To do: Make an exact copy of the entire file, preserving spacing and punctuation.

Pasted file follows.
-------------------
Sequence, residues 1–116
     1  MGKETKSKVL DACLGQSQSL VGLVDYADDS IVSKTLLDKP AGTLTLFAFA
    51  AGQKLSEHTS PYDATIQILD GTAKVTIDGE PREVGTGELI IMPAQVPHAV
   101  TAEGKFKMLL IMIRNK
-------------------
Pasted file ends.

Sequence, residues 1–116
     1  MGKETKSKVL DACLGQSQSL VGLVDYADDS IVSKTLLDKP AGTLTLFAFA
    51  AGQKLSEHTS PYDATIQILD GTAKVTIDGE PREVGTGELI IMPAQVPHAV
   101  TAEGKFKMLL IMIRNK